"Down there," Damien says, and stretches out his hand. The gorge opens up to reveal a great shelf thrust out into the sun like an anvil over our convergence with a still deeper, steeper gorge, which runs east to west, maximizing sunlight. A waterfall spills to its right, armored in spikes and fangs of ice like some protector. "My village—all that's left of it," says Damien.
We descend into the ghost town. Moss blankets the ruins as if to tuck the pain away and make it go to sleep. Saplings pry up the plaza stones. Ferns, inflamed by frost to fire-colors, curtain empty, staring windows. Something skitters away at our approach into winter-hardy weeds. The snows scarce touch the land; the farms must have given generous harvests here.
"The water's good," Damien says. "There's probably feral potatoes galore all over those slopes on the north side, and the infrastructure's mostly all here, just unused, needs a little work to clean things out and set them up. They didn't have tanks, in those days, to plow the buildings down. They blew a few up, but we don’t need the town hall." He sighs as he looks around, hands on hips. "And one thing's sure—the ghosts here are all on our side."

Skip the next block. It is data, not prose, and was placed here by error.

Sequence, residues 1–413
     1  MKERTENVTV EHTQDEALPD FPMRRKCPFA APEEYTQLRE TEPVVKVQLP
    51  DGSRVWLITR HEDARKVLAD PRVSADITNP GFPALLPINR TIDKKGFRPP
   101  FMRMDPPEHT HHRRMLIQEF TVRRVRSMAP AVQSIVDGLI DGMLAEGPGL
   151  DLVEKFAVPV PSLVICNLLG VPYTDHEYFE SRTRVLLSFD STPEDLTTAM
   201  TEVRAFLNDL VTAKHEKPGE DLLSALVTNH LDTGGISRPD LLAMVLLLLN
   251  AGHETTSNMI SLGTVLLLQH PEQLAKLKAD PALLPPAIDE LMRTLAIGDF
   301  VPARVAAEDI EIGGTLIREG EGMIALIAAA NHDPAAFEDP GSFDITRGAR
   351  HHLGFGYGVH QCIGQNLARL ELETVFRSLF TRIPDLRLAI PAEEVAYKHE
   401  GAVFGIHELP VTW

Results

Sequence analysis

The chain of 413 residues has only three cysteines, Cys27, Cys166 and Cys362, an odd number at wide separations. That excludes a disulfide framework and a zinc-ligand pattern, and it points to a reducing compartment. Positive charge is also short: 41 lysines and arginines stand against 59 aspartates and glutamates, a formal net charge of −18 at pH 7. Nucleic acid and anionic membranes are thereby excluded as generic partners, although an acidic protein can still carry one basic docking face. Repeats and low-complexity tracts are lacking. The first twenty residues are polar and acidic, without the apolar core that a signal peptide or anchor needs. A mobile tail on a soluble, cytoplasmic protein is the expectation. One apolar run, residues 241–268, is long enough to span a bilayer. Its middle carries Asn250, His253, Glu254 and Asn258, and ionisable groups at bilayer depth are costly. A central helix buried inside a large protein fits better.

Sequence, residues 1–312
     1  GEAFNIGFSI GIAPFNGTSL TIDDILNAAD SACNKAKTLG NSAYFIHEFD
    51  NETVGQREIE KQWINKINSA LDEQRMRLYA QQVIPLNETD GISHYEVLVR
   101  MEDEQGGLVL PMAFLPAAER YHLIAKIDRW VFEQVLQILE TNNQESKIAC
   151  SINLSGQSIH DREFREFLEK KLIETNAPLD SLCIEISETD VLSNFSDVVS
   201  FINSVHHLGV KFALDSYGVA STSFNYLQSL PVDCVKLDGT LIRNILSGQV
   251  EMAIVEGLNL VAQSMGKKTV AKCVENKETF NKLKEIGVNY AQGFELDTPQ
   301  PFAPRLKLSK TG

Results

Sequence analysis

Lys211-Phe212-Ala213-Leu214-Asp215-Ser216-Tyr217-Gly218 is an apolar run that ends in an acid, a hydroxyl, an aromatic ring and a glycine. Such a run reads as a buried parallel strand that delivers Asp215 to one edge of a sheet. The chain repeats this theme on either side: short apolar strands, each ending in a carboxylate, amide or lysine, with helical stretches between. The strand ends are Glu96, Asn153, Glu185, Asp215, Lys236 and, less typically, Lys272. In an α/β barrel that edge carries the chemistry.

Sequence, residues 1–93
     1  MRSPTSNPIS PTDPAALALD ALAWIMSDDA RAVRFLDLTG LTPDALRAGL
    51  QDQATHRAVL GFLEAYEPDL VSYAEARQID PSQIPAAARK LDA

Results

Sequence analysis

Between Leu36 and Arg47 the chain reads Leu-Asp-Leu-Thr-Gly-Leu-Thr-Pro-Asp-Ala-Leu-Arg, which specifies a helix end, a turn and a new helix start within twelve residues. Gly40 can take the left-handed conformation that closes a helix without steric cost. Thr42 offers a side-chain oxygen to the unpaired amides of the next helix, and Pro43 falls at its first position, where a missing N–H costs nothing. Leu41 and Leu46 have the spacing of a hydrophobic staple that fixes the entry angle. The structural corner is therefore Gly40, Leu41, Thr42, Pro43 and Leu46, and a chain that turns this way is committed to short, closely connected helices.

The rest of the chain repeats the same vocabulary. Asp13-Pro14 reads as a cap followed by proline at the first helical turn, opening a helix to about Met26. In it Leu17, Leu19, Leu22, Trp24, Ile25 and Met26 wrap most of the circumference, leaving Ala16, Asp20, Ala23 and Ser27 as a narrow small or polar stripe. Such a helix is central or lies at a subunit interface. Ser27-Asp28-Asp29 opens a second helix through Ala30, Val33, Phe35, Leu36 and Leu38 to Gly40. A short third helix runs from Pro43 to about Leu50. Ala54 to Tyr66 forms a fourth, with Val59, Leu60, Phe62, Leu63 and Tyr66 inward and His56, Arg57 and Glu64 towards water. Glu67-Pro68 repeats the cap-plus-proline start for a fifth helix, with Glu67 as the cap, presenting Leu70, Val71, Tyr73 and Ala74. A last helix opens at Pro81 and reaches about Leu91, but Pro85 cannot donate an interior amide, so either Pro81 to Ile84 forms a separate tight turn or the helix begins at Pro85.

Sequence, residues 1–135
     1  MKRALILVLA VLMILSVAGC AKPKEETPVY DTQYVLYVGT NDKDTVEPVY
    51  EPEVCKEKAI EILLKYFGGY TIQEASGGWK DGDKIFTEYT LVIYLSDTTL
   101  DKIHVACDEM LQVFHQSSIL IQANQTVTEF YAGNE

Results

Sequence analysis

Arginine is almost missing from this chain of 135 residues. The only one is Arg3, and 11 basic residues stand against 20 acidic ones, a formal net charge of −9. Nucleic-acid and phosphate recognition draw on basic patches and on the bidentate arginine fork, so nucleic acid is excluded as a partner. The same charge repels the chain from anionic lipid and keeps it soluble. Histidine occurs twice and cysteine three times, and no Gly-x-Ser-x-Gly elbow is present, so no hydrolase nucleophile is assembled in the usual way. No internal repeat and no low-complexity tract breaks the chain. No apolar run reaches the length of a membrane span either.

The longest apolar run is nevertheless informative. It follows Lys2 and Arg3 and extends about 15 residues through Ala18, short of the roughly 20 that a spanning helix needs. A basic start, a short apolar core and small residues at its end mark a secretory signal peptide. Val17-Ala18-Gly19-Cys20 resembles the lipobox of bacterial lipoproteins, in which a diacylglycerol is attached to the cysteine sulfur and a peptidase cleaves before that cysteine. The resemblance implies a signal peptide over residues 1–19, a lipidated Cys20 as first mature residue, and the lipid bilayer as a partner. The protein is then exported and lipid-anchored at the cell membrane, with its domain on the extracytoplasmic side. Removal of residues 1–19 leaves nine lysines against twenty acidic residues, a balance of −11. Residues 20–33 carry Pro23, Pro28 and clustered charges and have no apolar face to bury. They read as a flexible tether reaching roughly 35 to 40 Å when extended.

I walk over to a canyon rim and look down. But I don't see any stones that look like a broken jar or the body of an old woman. Maybe they're over on the other side. And maybe I just don't know how to look.
* * *
(So. The woman of Til can fly. And spy. Maybe that will take some of the pressure off me.
Not good. That means that Cyran might see me as a soldier instead. After all, when they ran out of officers, Deirdre stopped being a medic.
That gives me an idea. I survey the rocks still standing of this village, the old houses that could become snug again. Not a bad place, with the refreshing sound of running water, nearby, just as I remember from my home. And it’s not so cold as some places in the mountains, though chill enough. I could make a career change here. I could stay on to help Rashid. Somebody who picks things up quick, the way I do, could become a medic in my own right, if Cyran no longer needs me, or at least a medic’s assistant.
Yes. I might like that work.
No. E will always need me. Seeing from the air’s not listening from the ground. E’ll need both of us in the days to come.)